# How Far Are Stars? Calculating Distance to Earth

• ElectroBurger
In summary, there are various techniques used to calculate the distance between Earth and a star. The most accurate method is stellar parallax, which involves measuring the angle between a star and a background mark at different times of the year to account for Earth's movement around the sun. This method is effective for stars within 20 light years of Earth. For more distant stars, other methods such as comparing the brightness of stars or using redshift can be used. Astronomers also use units such as parsec, which is equal to 3.262 light years, to measure these distances. However, these methods are not as accurate for larger distances due to the expansion of the universe.
ElectroBurger
How do people calculate the distnce between Earth and a star?

Hold out your finger at arms length
Now close one eye
Open it and close the other eye instead
You can see the finger appear to move against what's behind it.
If you measure the angle between the finger and some background mark and know the distance between your eyes you can work out the distance to your finger

In the case of stars you make measurements 6 months apart and use the Earth's movement around the sun for the baseline. This let's you measure the nearest stars very accurately. It's called stellar parallax.

Then for more distant stars we use the fact that 2 stars with the same real (absolute) brightness will appear different (apparent) brightnesses if they are at different distances. We use this to find the distances to more distant stars by comparing their brightness to the ones we measured close to us.

Hi Mgb-phys, can we use redshift index to estimate the distance of far away galaxies?

There are a whole series of techniques as you get further away.
So beyond the techniques above for stars you can use Cepheid variables to give you the distance to nearby galaxies, then type I supernova, and then finally cosmological redshift for the most distant objects.

Expanding on what mgb_phys said, the method of stellar parallax currently works out to a distance of approximately 1,500ly. This, however, will be expanded within several years to around 10,000ly. Stellar parallax is really the only "direct" method that we have of measuring distances to star in so far as it relies solely on the assumptions of geometry. Everything else is based on inference.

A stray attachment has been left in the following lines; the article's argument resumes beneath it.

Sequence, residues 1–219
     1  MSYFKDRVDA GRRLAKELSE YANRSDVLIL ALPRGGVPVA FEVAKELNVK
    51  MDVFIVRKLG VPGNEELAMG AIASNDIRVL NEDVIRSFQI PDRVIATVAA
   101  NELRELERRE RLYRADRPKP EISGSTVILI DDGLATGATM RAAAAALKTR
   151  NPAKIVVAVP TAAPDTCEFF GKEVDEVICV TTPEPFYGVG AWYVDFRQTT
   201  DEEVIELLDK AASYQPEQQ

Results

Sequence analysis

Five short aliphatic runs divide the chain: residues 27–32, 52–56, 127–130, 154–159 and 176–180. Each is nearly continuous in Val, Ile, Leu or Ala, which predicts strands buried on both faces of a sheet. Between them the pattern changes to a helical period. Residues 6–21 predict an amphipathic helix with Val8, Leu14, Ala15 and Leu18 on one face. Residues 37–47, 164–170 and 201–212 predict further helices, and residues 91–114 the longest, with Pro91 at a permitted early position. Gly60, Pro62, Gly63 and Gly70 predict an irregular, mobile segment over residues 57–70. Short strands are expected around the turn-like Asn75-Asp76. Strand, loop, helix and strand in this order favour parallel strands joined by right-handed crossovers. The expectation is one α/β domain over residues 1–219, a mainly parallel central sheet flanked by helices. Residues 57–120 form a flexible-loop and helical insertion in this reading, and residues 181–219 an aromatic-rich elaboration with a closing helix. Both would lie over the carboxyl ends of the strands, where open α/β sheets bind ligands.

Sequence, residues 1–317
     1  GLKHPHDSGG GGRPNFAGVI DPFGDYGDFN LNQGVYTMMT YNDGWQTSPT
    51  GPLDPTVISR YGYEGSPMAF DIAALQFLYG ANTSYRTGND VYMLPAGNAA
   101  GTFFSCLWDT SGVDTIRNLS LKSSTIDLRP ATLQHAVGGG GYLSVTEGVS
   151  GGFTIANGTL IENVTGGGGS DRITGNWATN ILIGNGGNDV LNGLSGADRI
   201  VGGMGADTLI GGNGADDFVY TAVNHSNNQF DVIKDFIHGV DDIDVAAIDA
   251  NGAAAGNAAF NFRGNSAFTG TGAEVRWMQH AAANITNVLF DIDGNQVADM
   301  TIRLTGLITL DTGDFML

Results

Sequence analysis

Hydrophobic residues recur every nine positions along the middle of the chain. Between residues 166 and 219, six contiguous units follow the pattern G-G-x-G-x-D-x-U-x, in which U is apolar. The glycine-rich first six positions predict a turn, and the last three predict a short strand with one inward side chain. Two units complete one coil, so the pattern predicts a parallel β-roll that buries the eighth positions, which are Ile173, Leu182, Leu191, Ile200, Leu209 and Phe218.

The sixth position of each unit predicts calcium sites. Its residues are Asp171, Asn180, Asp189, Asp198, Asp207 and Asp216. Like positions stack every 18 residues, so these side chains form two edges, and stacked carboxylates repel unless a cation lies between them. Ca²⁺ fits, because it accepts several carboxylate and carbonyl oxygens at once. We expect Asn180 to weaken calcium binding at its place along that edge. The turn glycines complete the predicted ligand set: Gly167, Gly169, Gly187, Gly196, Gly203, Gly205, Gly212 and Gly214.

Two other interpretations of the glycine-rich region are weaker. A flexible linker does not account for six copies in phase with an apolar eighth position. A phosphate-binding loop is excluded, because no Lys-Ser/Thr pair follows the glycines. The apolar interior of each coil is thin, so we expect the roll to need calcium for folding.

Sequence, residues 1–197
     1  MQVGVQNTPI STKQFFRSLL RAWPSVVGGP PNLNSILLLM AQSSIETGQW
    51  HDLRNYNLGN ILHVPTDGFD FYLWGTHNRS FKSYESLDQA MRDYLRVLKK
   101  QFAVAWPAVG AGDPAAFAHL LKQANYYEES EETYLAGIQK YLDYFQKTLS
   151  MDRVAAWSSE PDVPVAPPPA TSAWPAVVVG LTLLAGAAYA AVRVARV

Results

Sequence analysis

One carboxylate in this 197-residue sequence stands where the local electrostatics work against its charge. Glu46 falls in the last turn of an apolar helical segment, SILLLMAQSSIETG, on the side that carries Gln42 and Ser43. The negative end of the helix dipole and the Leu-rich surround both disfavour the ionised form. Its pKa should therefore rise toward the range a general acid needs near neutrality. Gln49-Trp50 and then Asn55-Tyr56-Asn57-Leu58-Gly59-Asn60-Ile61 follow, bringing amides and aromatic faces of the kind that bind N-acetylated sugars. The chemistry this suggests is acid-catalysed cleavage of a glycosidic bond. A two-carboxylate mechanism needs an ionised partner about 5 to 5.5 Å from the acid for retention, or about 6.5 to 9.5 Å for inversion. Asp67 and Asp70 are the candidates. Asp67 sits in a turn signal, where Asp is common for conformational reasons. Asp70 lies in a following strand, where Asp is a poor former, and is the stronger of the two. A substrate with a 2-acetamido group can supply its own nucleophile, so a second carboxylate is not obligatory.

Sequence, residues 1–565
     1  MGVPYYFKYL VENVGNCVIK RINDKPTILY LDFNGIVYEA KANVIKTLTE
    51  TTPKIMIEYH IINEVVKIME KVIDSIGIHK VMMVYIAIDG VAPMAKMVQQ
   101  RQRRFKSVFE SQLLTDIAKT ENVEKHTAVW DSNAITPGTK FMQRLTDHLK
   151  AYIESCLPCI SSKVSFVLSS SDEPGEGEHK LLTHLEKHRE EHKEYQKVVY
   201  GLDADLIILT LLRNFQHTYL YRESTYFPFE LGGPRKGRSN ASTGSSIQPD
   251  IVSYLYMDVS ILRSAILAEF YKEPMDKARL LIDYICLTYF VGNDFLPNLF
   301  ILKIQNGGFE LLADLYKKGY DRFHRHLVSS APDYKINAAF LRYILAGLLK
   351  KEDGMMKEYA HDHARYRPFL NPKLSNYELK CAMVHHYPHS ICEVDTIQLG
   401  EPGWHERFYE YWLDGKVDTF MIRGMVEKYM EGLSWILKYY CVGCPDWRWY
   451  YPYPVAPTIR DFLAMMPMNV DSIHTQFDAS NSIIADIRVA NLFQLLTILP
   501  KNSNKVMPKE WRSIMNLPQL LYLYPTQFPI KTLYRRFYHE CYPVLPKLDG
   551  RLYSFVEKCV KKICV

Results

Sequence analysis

As mgb_phys said anything else relies on the principle that there are objects in our universe which are esentially the same (put out the same amount of light), so by measuring how much we receive, we can compute the distance to the object.

Thank you all for the help,

I've never thought of using parallax to find distant stars. I suppose that it's quite easy to calculate distance once we know the way we travel through space.

But wouldn't these distances between us and the stars change since the universe is expanding?

Making several measurements to the same star over time would tell us the rate of accelerated expansion of the universe, correct?

ElectroBurger said:
But wouldn't these distances between us and the stars change since the universe is expanding?
No the galaxy (and the local cluster of galaxies) is held together by gravity.
The distance to nearby stars does change slightly as the galaxy rotates, each star is moving in a slightly different orbit and affected by the motion of other nearby stars.

Making several measurements to the same star over time would tell us the rate of accelerated expansion of the universe, correct?